Under this type of bankruptcy, the filer develops a plan to pay back their debts in monthly installments. The debtor is not required to liquidate their assets. Typically, repayment plans under Chapter 13 range from 3-5 years. 

Following the repayment period, all of the remaining debts that the filer holds are discharged. 

Automatic Stay

After you file for bankruptcy, your assets will be under an injunction known as an “automatic stay.” This means that most of your assets cannot be repossessed. Also, you will be protected from most lawsuits. 

While this sounds good, the stay also has the potential to impact your divorce proceedings. If your divorce is not finalized, determinations about marital property might be affected by the automatic stay. 

The Effects of Filing for Bankruptcy

For people with a significant amount of debt, filing for bankruptcy after a divorce might be the best option. However, bankruptcy should not be taken lightly. It is not a “get out of debt free” strategy.

There are some downsides to filing for bankruptcy. If you are going through a divorce, consider both the advantages and disadvantages of bankruptcy as a financial strategy.

The Impact on Your Credit Score

One of the most significant impacts of filing for bankruptcy after a divorce is its effect on your credit score. Having a bankruptcy on your financial record can influence your credit score for up to a decade.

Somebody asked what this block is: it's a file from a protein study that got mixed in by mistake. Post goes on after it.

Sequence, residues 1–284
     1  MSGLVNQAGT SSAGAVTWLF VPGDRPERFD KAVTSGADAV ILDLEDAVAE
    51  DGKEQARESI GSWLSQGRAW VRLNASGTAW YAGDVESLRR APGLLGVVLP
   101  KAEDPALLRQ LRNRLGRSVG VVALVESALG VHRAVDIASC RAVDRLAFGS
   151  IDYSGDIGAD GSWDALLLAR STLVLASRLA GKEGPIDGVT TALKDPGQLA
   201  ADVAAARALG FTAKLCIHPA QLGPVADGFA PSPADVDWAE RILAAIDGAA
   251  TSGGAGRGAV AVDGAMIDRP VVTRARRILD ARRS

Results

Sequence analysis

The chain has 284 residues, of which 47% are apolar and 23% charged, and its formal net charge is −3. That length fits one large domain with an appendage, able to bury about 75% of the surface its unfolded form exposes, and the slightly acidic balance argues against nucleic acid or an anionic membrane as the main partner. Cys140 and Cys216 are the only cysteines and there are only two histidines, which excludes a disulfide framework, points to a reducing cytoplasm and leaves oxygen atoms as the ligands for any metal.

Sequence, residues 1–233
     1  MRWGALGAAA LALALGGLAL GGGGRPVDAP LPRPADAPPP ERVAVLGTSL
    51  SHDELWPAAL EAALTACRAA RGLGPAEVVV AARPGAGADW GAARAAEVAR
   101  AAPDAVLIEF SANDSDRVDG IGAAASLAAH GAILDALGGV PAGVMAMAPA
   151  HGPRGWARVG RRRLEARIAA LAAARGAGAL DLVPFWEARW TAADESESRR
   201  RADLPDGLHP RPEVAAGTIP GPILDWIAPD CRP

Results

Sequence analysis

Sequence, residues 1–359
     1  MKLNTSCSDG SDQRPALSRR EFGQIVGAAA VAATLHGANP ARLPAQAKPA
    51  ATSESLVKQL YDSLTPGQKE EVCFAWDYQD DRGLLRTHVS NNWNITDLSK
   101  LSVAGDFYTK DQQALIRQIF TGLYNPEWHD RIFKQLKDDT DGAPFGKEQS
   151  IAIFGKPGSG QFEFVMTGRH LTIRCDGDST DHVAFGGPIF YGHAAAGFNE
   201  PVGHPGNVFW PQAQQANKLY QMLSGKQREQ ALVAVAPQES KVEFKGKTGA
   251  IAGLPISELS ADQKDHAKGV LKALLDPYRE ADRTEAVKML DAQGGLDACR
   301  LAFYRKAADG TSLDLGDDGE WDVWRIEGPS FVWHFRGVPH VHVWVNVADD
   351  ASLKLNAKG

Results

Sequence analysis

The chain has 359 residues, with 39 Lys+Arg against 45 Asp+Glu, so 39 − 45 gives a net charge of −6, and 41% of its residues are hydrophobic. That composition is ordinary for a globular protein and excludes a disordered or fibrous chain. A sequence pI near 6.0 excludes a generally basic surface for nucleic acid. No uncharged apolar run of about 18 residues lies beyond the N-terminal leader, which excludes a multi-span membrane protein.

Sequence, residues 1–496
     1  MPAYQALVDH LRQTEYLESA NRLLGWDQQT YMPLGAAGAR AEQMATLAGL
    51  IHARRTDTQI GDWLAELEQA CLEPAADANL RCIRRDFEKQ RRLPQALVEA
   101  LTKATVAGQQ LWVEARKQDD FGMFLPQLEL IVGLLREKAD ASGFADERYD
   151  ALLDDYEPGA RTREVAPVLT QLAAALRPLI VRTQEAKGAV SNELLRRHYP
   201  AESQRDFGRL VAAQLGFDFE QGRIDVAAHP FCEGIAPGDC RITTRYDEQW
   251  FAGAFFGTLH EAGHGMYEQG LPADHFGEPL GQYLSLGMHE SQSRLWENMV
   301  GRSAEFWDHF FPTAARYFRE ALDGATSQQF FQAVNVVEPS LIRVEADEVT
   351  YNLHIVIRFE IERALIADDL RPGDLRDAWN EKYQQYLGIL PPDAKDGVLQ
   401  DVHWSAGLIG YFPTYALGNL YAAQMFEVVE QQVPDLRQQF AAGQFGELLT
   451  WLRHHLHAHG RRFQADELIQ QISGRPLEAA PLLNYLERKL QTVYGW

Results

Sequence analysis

A low credit score can make it difficult to open new lines of credit, secure car loans, or buy a house. There are ways to build your credit score back following bankruptcy, but it takes time. You can take out a credit-building loan or open a secured credit card to increase your credit score. 

While the damage to your credit score will not be permanent, you should consider this element of bankruptcy before deciding to file. 

Remaining Debt

Bankruptcy is not a simple solution for every type of debt. For example, outstanding tax debt and student loan debt will not be forgiven when you file for bankruptcy. This is true whether you file for Chapter 7 or Chapter 13 bankruptcy. 

Additionally, child support debt is not affected when you declare bankruptcy. 

The Effects of Bankruptcy on Your Ex-Spouse 

If you declare bankruptcy following a divorce, it might affect your ex-spouse’s financial situation in a number of ways. The effects will depend on how the marital property is divided.

Some of the effects that you will incur after filing for bankruptcy will not affect your ex-spouse at all. For instance, your ex’s credit score will not be impacted if you file for bankruptcy. 

It is also important to note that your bankruptcy cannot be used to forgive your ex-spouse’s debts. This is true even if you had joint debt. In fact, your ex-spouse may be liable for the entire amount of your joint debt following your bankruptcy.  

Securing Representation from a Bankruptcy Attorney 

No divorce is easy. A divorce can be especially challenging if you or your ex-spouse are facing financial difficulties. If you are considering bankruptcy after a divorce, working with a qualified bankruptcy attorney can protect your interests.